More People Are Riding Amtrak Than Ever, According to the Company's Annual Report
Ridership has increased so much that the company could make a profit for the first time ever.
This article originally appeared on BusinessInsider.com.
Amtrak saw record ridership and revenue in 2019, the railroad said Friday, marking its third straight year of improvements as the railroad attempts to break even for the first time in its five-decade history next year.
For the fiscal year ending September 30, unaudited numbers show Amtrak carried 32.5 passengers, helping fuel a 3.6% increase in revenues, which totaled $3.3 billion. On the bottom line, Amtrak lost $29.8 million, an 83% improvement from 2018.
"We listened, we invested, we improved, and our customers are noticing a difference," Richard Anderson, Amtrak's president and chief executive said in press release. "And we are not stopping. We have an aggressive plan to continue to advance our safety program, refresh train interiors, improve amenities, and renew stations and infrastructure."
In the Northeast Corridor, Amtrak's busiest and most important route from Washington DC, to Boston, ridership increased about 3%, with the premium "Acela" high-speed service seeing a 4.3% jump. Long-distance routes, which have drawn the ire of lawmakers for their cash burn, saw ridership climb just under 1%.
Key to the railroad's plans for ending its negative cash flow over the next two years is infrastructure improvements to improve timeliness and reduce costly delays. Amtrak's inspector general found in October that nearly one-third of all trains were delayed, costing the agency some $42 million in annually.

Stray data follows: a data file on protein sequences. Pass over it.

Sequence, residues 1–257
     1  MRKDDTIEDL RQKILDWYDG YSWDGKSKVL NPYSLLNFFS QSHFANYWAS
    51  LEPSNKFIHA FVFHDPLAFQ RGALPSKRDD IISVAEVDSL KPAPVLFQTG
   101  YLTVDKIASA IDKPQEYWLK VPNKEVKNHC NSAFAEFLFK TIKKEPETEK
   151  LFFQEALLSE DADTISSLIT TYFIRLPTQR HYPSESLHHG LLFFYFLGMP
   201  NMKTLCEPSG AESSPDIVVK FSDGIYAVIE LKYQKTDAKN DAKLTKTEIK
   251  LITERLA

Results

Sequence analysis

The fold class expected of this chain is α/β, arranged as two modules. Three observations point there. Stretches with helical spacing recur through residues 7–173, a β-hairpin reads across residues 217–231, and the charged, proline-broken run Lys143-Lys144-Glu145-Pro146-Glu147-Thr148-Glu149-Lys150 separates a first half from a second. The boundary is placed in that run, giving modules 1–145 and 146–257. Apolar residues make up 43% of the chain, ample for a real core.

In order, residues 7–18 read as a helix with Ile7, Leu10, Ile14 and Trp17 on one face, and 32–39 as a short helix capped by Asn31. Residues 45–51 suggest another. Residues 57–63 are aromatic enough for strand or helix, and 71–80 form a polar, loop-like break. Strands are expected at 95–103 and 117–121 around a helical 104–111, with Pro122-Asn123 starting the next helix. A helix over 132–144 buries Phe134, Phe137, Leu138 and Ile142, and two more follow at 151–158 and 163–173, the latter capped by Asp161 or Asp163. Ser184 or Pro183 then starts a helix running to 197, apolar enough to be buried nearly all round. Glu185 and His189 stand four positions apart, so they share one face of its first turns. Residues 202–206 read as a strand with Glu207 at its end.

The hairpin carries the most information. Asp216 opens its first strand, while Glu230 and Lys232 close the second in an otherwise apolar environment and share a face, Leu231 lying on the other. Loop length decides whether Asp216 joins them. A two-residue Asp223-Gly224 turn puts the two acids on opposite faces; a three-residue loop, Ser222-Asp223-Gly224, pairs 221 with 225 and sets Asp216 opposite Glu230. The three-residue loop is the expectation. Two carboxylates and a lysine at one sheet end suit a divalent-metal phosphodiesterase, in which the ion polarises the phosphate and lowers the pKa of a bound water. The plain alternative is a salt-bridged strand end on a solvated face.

"It's really important for this railroad to run on time if we want to have the confidence of our customers and policy makers," Anderson said on a conference call with reporters.
For 2019, Amtrak spent $1.6 billion on capital investments, $713 million of which went to infrastructure projects, and another $110 million on technology. This spending included new overhead catenary wire on parts of the railroad Amtrak owns outright, as well as nearly 80,000 new concrete ties, and 283 miles of high-speed surfacing.
Amtrak's refreshing its trains, too. $437 million went to the "largest fleet renewal in company history," Amtrak said, including a new Acela fleet and 75 new diesel locomotives. Next on the list is a new fleet of single-level "Amfeet" cars to replace the aging cars in use throughout much of the Eastern US.
"Bottom line is steady and continued improvement," Anderson said, "whether it's customer service scores, cleanliness of our trains, capital, financial, balance sheet, and engineering. Across the board, the enterprise had a really good year. We're set up well to move into 2020 and do better than break even on an operating basis.